“Atheism is growing in all 50 states,” Silverman says. “What people don’t seem to understand is all we demand at American Atheists is equality. We don’t want the obliteration of religion; we don’t want religion wiped off the face of the earth.”

From Hebrew school to disbelief

As a kid in Massachusetts, Silverman was the only atheist he knew. “I’ve been an atheist all my life,” he says. “When I was a kid, I had to get on a bike, I had to ride 2 miles to the library to find the one book that had to do with atheism.”

Silverman was raised Jewish. His parents sent him to Hebrew school and he had a bar mitzvah, even after telling his mother that he did not believe in God.

“I remember it clearly, getting up on stage and everybody in my life was in front of me. Everyone,” Silverman says, recalling his bar mitzvah. “And I stood up there, and I looked everyone in the eye, and I lied. I lied. And I hated it.”

For Silverman, it was a turning point, a moment when he resolved not to lie about his disbelief. “It was one of those experiences… it saddened me,” Silverman says, the disgust showing as he contorts his face. “And I didn’t really do anything about it. I just did it.”

Silverman studies computer science at Brandeis University, a predominantly Jewish school that helped him cement his non-belief and honed his debating skills.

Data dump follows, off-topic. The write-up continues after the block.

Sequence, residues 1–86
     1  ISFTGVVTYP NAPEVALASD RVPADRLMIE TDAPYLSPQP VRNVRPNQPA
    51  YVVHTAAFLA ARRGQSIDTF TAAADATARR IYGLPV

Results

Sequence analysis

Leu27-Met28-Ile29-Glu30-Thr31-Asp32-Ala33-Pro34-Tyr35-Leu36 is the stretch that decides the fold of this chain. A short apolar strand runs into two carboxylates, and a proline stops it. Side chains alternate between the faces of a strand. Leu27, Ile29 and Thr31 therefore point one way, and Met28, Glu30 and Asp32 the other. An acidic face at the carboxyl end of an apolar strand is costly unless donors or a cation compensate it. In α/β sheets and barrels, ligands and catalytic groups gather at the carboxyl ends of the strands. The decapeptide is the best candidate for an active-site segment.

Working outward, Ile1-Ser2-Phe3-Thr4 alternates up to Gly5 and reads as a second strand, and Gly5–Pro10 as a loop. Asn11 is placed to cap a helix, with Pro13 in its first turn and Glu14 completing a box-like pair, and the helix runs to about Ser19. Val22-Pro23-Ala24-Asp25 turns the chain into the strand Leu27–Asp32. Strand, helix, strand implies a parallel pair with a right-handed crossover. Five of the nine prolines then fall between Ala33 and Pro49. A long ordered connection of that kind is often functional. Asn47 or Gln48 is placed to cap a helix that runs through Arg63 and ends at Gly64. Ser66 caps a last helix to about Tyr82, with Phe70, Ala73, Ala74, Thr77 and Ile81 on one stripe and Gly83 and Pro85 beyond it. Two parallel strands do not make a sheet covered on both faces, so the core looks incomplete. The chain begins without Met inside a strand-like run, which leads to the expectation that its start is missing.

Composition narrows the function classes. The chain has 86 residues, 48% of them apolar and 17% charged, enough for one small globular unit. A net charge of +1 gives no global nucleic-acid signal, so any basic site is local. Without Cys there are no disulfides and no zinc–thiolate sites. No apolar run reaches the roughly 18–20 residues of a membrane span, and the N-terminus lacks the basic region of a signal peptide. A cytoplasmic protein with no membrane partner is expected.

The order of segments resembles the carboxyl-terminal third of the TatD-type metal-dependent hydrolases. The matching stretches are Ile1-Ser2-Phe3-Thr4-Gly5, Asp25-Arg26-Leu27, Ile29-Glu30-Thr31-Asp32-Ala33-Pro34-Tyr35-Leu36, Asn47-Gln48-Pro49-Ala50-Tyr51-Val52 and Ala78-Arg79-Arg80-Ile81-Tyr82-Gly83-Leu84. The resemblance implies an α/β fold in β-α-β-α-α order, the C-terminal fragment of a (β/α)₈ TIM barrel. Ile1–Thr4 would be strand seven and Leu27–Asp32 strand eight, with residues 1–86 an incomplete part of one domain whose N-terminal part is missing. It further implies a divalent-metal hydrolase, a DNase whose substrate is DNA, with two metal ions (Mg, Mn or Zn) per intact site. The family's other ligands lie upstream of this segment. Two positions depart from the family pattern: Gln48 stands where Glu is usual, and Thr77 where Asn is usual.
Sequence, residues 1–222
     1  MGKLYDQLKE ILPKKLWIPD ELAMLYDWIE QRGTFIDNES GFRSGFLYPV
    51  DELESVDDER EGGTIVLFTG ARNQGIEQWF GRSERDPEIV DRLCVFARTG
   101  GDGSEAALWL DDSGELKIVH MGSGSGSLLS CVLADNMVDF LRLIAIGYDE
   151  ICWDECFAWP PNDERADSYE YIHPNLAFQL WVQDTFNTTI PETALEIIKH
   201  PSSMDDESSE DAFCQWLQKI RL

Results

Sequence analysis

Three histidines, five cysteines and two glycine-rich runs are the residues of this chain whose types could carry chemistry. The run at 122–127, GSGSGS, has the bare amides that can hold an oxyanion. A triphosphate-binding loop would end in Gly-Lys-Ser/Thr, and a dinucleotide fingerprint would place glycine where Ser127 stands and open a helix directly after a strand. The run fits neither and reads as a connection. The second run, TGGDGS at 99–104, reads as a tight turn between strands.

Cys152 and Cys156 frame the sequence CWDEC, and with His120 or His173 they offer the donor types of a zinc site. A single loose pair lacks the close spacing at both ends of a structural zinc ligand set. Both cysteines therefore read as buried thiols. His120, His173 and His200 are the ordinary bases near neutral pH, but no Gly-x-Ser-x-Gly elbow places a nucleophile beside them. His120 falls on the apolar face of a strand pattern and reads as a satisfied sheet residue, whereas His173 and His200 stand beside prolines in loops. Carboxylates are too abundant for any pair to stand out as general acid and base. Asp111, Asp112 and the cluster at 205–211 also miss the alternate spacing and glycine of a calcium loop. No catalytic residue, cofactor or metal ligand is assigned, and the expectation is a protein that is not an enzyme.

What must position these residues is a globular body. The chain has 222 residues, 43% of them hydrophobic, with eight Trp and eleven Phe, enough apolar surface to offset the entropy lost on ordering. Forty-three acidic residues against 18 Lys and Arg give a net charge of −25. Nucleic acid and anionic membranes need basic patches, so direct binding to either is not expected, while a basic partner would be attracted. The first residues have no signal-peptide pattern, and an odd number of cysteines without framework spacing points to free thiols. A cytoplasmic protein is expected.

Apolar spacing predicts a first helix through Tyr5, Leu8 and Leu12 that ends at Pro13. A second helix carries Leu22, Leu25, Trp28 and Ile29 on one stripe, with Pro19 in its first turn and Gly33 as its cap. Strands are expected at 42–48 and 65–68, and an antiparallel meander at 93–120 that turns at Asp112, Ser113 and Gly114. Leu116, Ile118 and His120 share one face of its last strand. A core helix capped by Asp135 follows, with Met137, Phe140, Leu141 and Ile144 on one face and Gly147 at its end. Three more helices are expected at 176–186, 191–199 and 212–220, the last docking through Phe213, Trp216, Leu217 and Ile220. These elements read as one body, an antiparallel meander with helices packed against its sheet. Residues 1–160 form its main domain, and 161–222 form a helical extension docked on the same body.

“I was the fodder of debate,” Silverman says. In the lunchroom, he proudly used the non-Kosher trays and relished debates with religious friends.

“Even the people who had gone to school to become rabbis could not put together a reason to believe in God,” Silverman says.

At Brandeis, Silverman met his future wife, Hildy. “Very early on when we dated, it was more of an issue because I was Orthodox and he was atheist,” Hildy laughs. “We were actually apart for a few years because we couldn’t see how that would work.”

Two years after graduation though, Hildy called him and said that she was doubting her religion and needed a non-religious weekend. Silverman picked her up from the airport and six months later the “mixed” couple, as Silverman calls them, was married.

“Religion is not a factor in our lives to the point that is causes strife,” Silverman says. Hildy stills attends Orthodox synagogue sporadically.

“I am a very strong supporter of separation of church and state,” she says. “My husband has no problem with people believing what they believe. I am proof of that. He just doesn’t want it foisted on him. And I am totally in line with that.

“I think he is extremely brave in what he does,” she says.

The couple has one child, 14-year-old Rayanne. She was introduced to Judaism at a young age and attended a Hebrew school in New Jersey. When it came time to plan for a bat mitzvah, however, Rayanne let her parents knew the truth.

She didn’t want one. She was an atheist.

Silverman says he didn’t want his daughter to be an atheists just because he is, but his pride in her decision is clear. For him, she is the future of atheism.

“I am very confident that we will win within 20 years,” he says. “I am saying that we will have a substantially more equal presence in 20 years.”

No issue too small

Back at the hotel, Silverman has turned his focus from the monotony of salads and soups to more pressing issues.